• On a completely separate subject, the annual yakfest that is the 11th Pride of Britain Awards took place last night. One is never sure why only some kids with cancer attend the show, why only the kids whose parents managed to inform the media of how their brave 2year-old “dialled 999 whilst motherwas having a seizure in the bath” receive bravery awards and why Gordon Brown has to make a “surprise” appearance. We all like proper heroes but nowadays it seems that we have developed a real “need” to worship – as long as it involves lots of celebrities. If Michael Caine is made to feel any more ” ‘umble” I shall throw up. Having said all that, I’ve never managed to watch the show. This year there is a teacher whose Maths lessons contain RAP (one presumes that the “C” is silent). Then there’s the lady who stood between a small child and a Rottweiler. The best one is an ex-heroin addict with 176 convictions who now helps “young people to change their lives”.. As long as Simon Cowell, Tess Daly and Davina are there plus a room-full of tear-wracked luvvies we can rest assured that all’s well. Now where can I buy a Rottweiler? I’ve just noticed something and it is the final piece of jigsaw in a theory that I have been working on for some time. Here goes. I believe that Christopher Biggins is God. Why? because God is everywhere.

 

  • Safety campaigners are saying that if the Conservatives axe speed cameras, the accident-rate will increase. Here’s a compromise – and it will be comparatively cheap to implement. How about a sign that says “SPEED CAMERA IN 50 YARDS” on either side of every single speed camera in the country.  Not a good idea, I hear you say. Why not? Oh I see. What you really want is speeding motorists that produce a revenue and not necessarily slow motorists who do not.

 

  • Sir James Dyson managed to look like a prat when his autocue failed. A Dyson Vacuous.

 

  • Liked the announcement today that the Conservatives will begin a process of ridding us of Government forms and red tape. THAT’S the sort of thing we like to hear.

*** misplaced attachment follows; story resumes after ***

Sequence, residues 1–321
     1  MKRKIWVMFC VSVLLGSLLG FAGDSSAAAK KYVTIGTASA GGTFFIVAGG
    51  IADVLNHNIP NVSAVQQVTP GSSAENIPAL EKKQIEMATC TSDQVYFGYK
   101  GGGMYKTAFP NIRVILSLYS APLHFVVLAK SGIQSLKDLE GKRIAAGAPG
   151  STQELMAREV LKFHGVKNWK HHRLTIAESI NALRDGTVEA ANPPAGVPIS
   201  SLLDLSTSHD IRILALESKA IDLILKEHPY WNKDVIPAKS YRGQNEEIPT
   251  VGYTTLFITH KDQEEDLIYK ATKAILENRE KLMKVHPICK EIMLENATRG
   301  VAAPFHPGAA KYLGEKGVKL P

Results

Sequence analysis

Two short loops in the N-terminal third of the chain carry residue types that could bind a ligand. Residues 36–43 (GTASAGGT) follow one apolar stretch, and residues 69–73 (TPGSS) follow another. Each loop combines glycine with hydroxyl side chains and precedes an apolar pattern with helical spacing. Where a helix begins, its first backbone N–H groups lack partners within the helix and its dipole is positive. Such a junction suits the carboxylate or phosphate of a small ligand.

• Conservatism SHOULD be the politics of giving everyone in Britain the ability, opportunity and tools to look after themselves and their families – without the smothering State intervention that is the hallmark of Socialism – even when it is wearing the thin veneer of New Labour. That should ALWAYS be, of course, coupled to the State taking care of its weakest citizens. Call it benevolent Conservatism if you like. Simple.  THAT is  the message that David Cameron and his rejuvenated Parliamentary Party should be promulgating. Needless posturing and name-calling should have no place in the modern Conservative political toolbox. David Cameron should look straight down a camera lens and explain what modern Conservatism is. Unsurprisingly, there are those who have never heard exactly what modern Conservatism represents because their views and opinions are still being distorted  and influenced by New Labour spin.

 

  • George Osborne is looking very promising.

 

  • So why DOES Jordan look as if she’s wearing a gumshield? Is in “hommage” to her cross-dressing new beau and professional thug Alex (Max – you’re running out of crap copy!) or has she been “done”. I think that we all know the answer to that one.

 

  • David Cameron has been photographed with a glass of champagne. Big deal! I shall simply repeat a previous report: The biggest consumption of champagne at  Conference time is by Labour. That was told to me by a former Chief Barman at the Grand Hotel in Brighton. Hypocrites.

 

  • Today, all the Socialist rags are laying-into  George Osborne who has introduced a bit of realism into our understanding of the economy. One suspects that once the Conservatives are in power and manage to have a good look at the books, they will see that things are far worse than has so far been admitted by ther present incumbents.